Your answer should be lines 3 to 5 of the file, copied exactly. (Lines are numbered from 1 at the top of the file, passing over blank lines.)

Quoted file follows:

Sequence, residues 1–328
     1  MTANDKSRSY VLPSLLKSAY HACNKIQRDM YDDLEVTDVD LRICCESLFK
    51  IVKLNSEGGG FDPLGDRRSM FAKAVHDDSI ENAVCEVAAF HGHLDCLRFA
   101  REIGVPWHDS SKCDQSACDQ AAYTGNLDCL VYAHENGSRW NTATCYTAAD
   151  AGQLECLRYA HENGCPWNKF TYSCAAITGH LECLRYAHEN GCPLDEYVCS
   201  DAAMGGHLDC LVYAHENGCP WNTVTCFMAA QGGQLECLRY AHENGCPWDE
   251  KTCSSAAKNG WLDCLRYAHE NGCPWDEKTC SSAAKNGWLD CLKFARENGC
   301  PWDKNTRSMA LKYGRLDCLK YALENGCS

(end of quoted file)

    51  IVKLNSEGGG FDPLGDRRSM FAKAVHDDSI ENAVCEVAAF HGHLDCLRFA
   101  REIGVPWHDS SKCDQSACDQ AAYTGNLDCL VYAHENGSRW NTATCYTAAD
   151  AGQLECLRYA HENGCPWNKF TYSCAAITGH LECLRYAHEN GCPLDEYVCS